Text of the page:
Wax Cylinders

Listen to historic recordings

In the August issue of BBC Music Magazine, Simon Heighes traces the beginnings of sound reproduction with the story of the wax cylinder. From Edison’s domestic phonographs in the mid-1890s to the hi-fi ‘Blue Amberol’ cylinder of the 1920s, some of the era’s biggest musical stars took advantage of this new technology.

To go with the magazine article, Simon has put together a selection of clips from his personal collection of wax cylinders – an eclectic mix of music and spoken word. Enjoy!

Wax cylinders

 

 

  

1. ‘Hallelujah Chorus’ (Handel, Messiah) arr. for the Edison Concert Band (1896), 2 minute cylinder
‘The Edison Grand Concert Band’s instrumental arrangement of Handel’s ‘Hallelujah’ Chorus from 1896 starts as expected with the first 21 bars, but then lurches forward 12 bars to ‘The kingdom of this world,’ arrives ten bars early for ‘King of Kings,’ and loses seven bars in the build-up to the final climax’ Simon Heighes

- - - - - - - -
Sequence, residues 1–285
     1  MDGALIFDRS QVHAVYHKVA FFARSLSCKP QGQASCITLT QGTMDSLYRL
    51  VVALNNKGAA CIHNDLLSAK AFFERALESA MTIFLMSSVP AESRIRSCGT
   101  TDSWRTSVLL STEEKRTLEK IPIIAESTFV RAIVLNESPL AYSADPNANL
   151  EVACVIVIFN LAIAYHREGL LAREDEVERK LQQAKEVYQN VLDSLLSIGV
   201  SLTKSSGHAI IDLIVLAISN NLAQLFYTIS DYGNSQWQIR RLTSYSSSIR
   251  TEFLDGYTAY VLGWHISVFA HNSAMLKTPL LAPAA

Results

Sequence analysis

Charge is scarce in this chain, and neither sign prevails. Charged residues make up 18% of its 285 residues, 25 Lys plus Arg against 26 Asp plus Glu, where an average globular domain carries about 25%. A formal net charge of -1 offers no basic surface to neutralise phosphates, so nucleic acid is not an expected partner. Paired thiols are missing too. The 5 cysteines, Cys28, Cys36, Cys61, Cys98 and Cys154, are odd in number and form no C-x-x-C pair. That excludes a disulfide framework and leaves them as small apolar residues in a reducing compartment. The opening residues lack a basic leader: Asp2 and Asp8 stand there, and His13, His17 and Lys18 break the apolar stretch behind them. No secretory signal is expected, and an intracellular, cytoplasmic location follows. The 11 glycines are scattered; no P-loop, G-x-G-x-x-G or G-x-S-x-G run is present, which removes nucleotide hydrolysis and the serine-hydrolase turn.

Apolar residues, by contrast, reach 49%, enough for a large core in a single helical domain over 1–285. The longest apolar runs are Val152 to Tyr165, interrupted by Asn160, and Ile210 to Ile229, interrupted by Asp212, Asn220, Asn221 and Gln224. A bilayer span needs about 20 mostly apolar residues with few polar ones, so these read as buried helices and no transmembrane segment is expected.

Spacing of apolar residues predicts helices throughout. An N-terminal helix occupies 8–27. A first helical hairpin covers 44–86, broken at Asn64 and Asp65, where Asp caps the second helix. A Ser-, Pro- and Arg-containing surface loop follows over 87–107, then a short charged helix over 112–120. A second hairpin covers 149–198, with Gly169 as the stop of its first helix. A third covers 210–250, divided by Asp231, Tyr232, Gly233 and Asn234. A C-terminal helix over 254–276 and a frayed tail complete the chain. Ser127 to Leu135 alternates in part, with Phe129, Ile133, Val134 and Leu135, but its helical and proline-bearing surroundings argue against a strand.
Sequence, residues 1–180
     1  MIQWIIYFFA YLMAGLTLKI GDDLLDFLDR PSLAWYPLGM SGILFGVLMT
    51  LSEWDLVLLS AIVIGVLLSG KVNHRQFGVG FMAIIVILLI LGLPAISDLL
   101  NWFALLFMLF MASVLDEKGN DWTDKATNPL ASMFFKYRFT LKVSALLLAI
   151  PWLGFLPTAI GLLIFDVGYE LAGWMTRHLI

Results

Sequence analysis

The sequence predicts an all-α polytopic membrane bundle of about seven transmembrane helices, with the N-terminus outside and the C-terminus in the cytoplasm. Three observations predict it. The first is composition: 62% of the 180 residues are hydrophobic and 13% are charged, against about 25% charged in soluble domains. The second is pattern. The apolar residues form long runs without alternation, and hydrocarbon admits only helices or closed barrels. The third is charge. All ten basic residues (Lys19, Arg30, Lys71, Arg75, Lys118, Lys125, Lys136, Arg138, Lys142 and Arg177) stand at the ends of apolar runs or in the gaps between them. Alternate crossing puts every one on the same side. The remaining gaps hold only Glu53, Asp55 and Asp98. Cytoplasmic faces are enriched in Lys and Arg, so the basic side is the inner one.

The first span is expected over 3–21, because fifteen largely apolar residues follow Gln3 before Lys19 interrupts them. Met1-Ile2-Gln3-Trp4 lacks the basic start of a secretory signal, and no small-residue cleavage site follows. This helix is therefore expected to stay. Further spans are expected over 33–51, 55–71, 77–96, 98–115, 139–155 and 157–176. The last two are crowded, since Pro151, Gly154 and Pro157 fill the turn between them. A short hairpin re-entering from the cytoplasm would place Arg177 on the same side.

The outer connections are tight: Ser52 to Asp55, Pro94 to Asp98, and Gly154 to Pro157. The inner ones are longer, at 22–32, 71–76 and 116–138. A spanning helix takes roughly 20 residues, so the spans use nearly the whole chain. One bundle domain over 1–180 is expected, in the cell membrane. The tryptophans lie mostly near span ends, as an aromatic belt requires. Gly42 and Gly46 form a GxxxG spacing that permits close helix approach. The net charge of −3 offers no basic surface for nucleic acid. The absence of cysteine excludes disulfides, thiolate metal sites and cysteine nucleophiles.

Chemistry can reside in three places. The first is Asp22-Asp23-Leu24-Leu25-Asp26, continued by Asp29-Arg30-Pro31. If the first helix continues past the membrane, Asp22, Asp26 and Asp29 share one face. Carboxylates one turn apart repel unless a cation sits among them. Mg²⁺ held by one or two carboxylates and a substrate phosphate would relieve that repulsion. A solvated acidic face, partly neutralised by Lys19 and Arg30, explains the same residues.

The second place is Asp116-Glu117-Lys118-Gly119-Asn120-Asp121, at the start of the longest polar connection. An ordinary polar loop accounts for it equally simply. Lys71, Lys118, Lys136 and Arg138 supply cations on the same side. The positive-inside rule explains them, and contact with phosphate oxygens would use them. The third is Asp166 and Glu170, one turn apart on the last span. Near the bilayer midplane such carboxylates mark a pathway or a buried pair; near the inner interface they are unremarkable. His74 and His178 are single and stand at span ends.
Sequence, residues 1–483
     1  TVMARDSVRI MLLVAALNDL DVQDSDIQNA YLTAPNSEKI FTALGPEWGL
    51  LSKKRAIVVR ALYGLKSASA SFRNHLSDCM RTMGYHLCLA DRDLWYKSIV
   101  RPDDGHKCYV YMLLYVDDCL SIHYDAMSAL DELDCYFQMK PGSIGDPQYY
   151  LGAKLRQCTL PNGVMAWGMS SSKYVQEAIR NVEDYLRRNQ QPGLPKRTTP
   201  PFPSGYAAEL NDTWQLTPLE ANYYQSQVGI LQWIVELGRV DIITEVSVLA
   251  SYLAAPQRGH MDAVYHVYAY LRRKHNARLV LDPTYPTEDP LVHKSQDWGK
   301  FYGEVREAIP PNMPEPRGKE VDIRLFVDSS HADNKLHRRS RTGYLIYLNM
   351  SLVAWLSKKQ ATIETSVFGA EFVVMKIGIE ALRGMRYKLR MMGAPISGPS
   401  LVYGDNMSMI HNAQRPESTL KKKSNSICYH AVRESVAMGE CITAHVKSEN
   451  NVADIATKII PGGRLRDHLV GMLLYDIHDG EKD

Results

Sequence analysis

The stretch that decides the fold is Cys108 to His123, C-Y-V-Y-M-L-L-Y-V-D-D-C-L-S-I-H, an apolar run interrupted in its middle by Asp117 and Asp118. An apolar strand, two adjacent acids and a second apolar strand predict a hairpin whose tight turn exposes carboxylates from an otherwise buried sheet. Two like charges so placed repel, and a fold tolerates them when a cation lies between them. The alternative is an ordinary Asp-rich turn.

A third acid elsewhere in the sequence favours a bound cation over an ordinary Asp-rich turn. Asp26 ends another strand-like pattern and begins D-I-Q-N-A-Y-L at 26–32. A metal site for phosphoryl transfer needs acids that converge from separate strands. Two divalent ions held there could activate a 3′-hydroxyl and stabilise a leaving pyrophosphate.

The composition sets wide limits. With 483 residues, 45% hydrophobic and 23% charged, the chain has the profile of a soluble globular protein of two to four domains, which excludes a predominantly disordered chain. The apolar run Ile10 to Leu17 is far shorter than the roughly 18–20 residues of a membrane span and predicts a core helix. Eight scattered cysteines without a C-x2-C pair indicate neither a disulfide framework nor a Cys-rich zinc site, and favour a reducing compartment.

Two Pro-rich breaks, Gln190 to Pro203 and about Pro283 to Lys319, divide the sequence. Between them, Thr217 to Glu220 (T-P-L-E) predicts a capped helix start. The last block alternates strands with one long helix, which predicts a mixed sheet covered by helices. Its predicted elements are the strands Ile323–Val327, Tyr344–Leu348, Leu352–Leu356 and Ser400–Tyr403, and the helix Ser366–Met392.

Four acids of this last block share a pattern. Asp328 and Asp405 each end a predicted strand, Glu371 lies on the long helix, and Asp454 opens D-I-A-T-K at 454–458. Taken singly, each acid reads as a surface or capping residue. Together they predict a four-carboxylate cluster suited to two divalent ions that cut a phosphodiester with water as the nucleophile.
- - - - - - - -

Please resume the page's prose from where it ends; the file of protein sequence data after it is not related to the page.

2. Dick Whittington – childrens’ story read by Percy Clifton (1907), 2 minute cylinder
‘Still entertains the children’ Simon Heighes

 

  

3. William Tell overture (Rossini) played by the Edison Concert Band (1908), 4 minute Wax Amberol
‘One of the most popular orchestral works on cylinder, Rossini’s William Tell overture helpfully breaks down into four sections. The third, a mellow oboe and flute duet, was popular with listeners because of its haunting tunefulness, and beloved of record companies because it fitted perfectly on a two-minute cylinder.’ Simon Heighes

 

  

4. Peer Gynt Suite Nos. 1 & 2 (Grieg) played by the Edison Concert Band (1909), 4 minute Wax Amberol
Something different from the more popular opera overtures and arrangements which proved popular on the cylinders.

 

  

5. ‘Hear ye winds’ (Handel, Scipio) sung by Frank Croxton (1912), 4 minute Wax Amberol
Handel’s Scipio was premiered in London in 1726 but the opera is now best known for the March which marks Scipione's arrival in new Carthage and a clutch of arias.

 

  

6. ‘Je suis Titania’ (Thomas, Mignon) sung by Blanche Arral (1912), 4 minute Blue Amberol
A recording by the Belgian coloratura soprano, Blanche Arral on the ‘hi-fi’ cylinders of the day, ‘Blue Amberol’. Made of strong blue celluloid, these cylinders survived until 1929 when disc records replaced them.

 

  

7. Magic Flute – ‘Bell Solo’ played by Charles Daab (1912), 4 minute, Blue Amberol
Daab signed up to be a xylophone and bells recording artist in 1910 – and on this recording he performs a ‘bell solo’ from the scene in which Papageno enchants Monostatos and his slaves.